The composite oxide powder of the present invention is characterized in that cerium oxide after calcination at 600° C. for 5 hours has a crystallite diameter of 5 to 10 nm, which is calculated from a half width of an X-ray diffraction peak of CeO2 (220); cerium oxide after calcination at 800° C. for 5 hours has a crystallite diameter of 10 to 20 nm, which is calculated from a half width of an X-ray diffraction peak of CeO2 (220); and cerium oxide after calcination at 1000° C. for 5 hours has a crystallite diameter of 35nm or more, which is calculated from a half width of an X-ray diffraction peak of CeO2 (220).

The composite oxide powder of the present invention is characterized in that pores of 3.5 to 100 nm in diameter have a volume of 0.07 cc/g or more after calcination at 600° C. for 5 hours, and pores of 3.5 to 100 nm in diameter have a volume of 0.04 cc/g or more after calcination at 800° C. for 5 hours. It is more desirable that pores of 3.5 to 100 nm in diameter have a volume of 0.13 cc/g or more after calcination at 600° C. for 5 hours, and pores of 3.5 to 100 nm in diameter have a volume of 0.10 cc/g or more after calcination at 800° C. for 5 hours.

One present inventive method of producing the composite oxide powder of the present invention is characterized in comprising the a steps of:

preparing an aqueous solution or water-contained solution of a chemical compound of a metal M1 and a chemical compound of a metal M2 an oxide of which does not dissolve in an oxide of the metal M1;

precipitating an oxide of the metal M1 or a precursor of the oxide of the metal M1 and an oxide of the metal M2 or a precursor of the oxide of the metal M2 or a chemical compound of these oxides or precursors from the solution; and

then calcining the precipitate.

Another present inventive method of producing the composite oxide powder of the present invention is characterized in comprising the steps of:

preparing an aqueous solution or water-contained solution of a chemical compound of a metal M1 and a chemical compound of a metal M2 an oxide of which does not dissolve in an oxide of the metal M1, and a chemical compound of a metal M3 an oxide of which can dissolve in at least one of the oxide of said metal M1 and the oxide of the metal M2;

precipitating an oxide of the metal M1 or a precursor of the oxide of the metal M1, an oxide of the metal M2 or a precursor of the oxide of the metal M2 and an oxide of the metal M3 or a precursor of the oxide of the metal M3, or a chemical compound of these oxides or precursors from the solution; and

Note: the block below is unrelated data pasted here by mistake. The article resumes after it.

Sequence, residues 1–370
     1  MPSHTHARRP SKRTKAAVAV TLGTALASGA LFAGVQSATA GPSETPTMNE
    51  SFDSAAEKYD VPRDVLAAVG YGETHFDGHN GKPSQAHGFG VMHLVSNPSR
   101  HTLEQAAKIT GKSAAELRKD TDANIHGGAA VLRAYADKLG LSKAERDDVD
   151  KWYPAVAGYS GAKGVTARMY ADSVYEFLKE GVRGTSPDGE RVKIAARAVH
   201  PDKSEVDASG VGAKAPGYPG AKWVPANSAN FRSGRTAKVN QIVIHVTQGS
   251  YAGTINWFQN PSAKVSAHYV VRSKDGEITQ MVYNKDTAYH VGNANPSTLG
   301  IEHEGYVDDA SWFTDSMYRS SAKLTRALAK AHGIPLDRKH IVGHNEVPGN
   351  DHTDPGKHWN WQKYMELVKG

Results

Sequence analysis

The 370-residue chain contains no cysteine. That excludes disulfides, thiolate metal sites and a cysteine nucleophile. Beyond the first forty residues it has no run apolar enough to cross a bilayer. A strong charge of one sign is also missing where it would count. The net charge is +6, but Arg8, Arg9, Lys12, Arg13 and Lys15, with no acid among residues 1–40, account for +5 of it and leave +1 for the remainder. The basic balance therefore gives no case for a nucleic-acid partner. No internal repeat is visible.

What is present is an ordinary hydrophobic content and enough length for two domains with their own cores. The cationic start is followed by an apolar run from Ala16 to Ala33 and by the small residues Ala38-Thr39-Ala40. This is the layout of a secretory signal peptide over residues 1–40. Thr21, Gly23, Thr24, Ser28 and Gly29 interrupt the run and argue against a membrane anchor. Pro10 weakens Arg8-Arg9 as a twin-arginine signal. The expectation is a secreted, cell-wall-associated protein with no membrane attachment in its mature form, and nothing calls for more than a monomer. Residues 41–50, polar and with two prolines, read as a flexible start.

then calcining the precipitate.

In the above production methods, it is possible to employ precipitating techniques such as (1) adding hydrogen peroxide in obtaining the precipitate, (2) obtaining one of the precipitate of a precursor of the oxide of the metal M1 and the precipitate of the precursor of the oxide of the metal M2, one prior to the other, and (3) carrying out precipitation by neutralization reaction and taking 10 minutes or more from the start to the end of the neutralization reaction.

In the above production methods, it is especially desirable that the precipitate is aged in a suspended state in which water or a water-contained solution is a dispersion medium or in a state in which there is abundant water in a closed system consisting of the precipitation, steam and water. The aging is carried out desirably at or above room temperature, more desirably from 100 to 200° C., and much more desirably from 100 to 150° C.

One catalyst of the present invention is characterized by comprising a catalyst support which includes the composite oxide powder of the present invention, and a noble metal loaded on the catalyst support. It is desirable that the noble metal comprises at least Pt.

Another catalyst of the present invention is characterized in comprising a catalyst support which includes the composite oxide powder of the present invention and a solid solution or composite oxide of zirconia and yttria, and a noble metal loaded on the catalyst support. It is desirable that the noble metal comprises at least Pt. It is preferable that the compositional ratio by weight of the solid solution or composite oxide of zirconia and yttria to the composite oxide powder of the present invention is 0 to 100-100 to 0 exclusive. It is desirable that the molar ratio of zirconia and yttria is 1 ≦Zr/Y≦4.5 in terms of metal elements.

MODES FOR CARRYING OUT THE INVENTION

The composite oxide powder of the present invention comprises particles of a composite oxide of an oxide of a metal M1 and an oxide of a metal M2 which does not dissolve in the oxide of the metal M1, the oxide of the metal M1 and the oxide of the metal M2 being dispersed at the nanometer level.